Fantastic Four: TWGCM >> View Post
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Member Since: Sat May 17, 2008
Posts: 1,598
In Reply To
Chris Tolworthy

Member Since: Sat May 17, 2008
Posts: 3,423
Subj: Re: 200 page analysis of Fantastic Four issue 1
Posted: Wed Nov 08, 2017 at 06:55:40 pm CST (Viewed 165 times)
Reply Subj: 200 page analysis of Fantastic Four issue 1
Posted: Wed Nov 08, 2017 at 06:46:25 am CST (Viewed 270 times)

Previous Post

You may not like the title. Sorry guys, but after writing the book this was the only thing I could possibly call it:

Since the late 1990s I've had a rather large FF web site. But I haven't added much over the past couple of years. The reason is, the more I focus on the things I love about the FF, the more I realise that what I REALLY like is Jack Kirby's FF. And I see the story continuing in his other work (the FF is the Challengers, and I think the characters continue in his later books, with changes just for legal reasons)

I love the FF stories where Kirby was involved. And I hated the changes that Lee made as soon as he was solo writer: immediately getting rid of Crystal; making Sue weaker; replacing change with the illusion of change so Franklin would never grow up, or do anything interesting; recycling old plots - Galactus, creature from the lost lagoon, etc... I admit that I am hopelessly biased, but for my tastes, everything that Kirby added made the team wonderful and exciting and ground breaking and just amazing. And for me, everything Lee added, for me, went the other way.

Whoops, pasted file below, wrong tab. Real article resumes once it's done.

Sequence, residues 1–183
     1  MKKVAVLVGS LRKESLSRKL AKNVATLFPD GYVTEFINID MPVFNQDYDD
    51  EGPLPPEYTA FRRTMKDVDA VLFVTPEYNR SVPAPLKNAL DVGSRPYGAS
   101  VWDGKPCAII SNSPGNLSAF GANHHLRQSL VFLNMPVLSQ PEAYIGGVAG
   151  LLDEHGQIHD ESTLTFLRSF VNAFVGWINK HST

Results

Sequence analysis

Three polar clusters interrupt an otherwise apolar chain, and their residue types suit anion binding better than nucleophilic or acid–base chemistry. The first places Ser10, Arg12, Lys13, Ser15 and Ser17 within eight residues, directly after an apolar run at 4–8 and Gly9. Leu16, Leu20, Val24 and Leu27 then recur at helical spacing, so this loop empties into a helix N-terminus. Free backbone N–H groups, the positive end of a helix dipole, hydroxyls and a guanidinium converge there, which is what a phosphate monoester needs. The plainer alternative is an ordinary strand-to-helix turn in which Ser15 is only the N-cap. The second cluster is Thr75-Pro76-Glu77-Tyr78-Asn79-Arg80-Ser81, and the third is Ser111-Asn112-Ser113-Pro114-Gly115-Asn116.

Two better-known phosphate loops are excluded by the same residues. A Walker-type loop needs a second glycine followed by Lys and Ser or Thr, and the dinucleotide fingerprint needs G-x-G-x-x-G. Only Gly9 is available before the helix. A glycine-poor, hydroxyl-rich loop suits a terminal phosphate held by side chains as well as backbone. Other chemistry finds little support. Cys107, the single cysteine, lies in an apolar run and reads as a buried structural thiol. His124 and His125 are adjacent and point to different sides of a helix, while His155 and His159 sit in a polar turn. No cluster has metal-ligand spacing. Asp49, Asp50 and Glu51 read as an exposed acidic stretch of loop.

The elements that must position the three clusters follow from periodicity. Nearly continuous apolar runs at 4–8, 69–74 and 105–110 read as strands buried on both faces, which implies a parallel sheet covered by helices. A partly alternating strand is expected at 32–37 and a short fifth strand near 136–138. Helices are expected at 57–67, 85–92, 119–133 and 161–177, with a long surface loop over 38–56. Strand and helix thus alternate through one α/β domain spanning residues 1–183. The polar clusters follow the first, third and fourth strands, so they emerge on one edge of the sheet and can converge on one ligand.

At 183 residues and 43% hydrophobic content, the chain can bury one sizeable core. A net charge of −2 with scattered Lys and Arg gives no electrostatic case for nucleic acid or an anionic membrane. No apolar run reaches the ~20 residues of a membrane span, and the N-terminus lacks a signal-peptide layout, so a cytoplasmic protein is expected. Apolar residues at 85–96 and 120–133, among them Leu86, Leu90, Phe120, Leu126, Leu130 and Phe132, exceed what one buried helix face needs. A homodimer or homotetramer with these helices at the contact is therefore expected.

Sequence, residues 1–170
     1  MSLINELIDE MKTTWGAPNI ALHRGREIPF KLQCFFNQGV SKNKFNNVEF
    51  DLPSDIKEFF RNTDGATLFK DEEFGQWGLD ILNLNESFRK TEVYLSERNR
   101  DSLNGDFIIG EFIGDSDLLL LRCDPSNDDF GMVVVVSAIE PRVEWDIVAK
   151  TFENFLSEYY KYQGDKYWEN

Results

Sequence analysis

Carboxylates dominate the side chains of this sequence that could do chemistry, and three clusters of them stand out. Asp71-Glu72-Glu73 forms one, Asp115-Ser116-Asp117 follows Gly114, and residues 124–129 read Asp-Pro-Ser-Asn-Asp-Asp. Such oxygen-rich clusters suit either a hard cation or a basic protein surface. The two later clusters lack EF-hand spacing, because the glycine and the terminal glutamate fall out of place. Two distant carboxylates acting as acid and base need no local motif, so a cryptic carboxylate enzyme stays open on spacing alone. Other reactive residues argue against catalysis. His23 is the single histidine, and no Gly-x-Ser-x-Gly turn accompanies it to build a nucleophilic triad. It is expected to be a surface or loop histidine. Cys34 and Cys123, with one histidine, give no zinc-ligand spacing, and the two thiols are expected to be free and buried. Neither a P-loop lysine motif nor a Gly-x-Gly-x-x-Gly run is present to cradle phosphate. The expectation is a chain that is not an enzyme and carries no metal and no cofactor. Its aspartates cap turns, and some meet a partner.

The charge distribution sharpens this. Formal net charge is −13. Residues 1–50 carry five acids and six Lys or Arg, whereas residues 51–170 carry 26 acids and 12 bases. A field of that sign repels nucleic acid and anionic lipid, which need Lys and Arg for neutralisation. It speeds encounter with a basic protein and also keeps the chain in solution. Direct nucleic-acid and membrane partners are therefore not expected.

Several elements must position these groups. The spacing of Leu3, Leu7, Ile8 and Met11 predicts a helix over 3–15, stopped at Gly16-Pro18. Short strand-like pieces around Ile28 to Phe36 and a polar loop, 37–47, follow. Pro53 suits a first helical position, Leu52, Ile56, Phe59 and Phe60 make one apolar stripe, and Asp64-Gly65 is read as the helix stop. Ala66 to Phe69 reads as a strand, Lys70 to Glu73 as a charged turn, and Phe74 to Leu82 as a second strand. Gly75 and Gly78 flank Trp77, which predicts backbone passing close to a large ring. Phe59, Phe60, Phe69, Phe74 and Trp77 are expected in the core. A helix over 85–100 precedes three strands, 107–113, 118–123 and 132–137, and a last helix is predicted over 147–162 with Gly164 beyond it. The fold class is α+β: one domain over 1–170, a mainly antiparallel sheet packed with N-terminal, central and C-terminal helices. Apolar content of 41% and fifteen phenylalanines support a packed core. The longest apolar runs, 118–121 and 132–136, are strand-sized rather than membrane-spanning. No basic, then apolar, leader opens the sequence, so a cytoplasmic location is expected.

I feel like a real heel just writing that. A party pooper. After all, isn't Stan Lee at the heart of what makes comics silly fun? Maybe I'm just too serious. But I love Kirby's sense of humour, I love his dialog in his own comics (it's a real change of gears but when I "got it" I never wanted to go back to Lee's style). Lee just doesn't do it for me.

Anyway, click the link at your own risk! If you can get past my obvious negativity toward Lee, hopefully you'll find some interesting stuff. And if nothing else, maybe it's a warning to future generations, not to take comics too seriously.

PDF version (recommended):

web version (if you have a slow Internet connection):

Thanks for reading!

Won't have time to read this for a while, Chris, but looking forward to it... your devotion to the title is hugely commendable.

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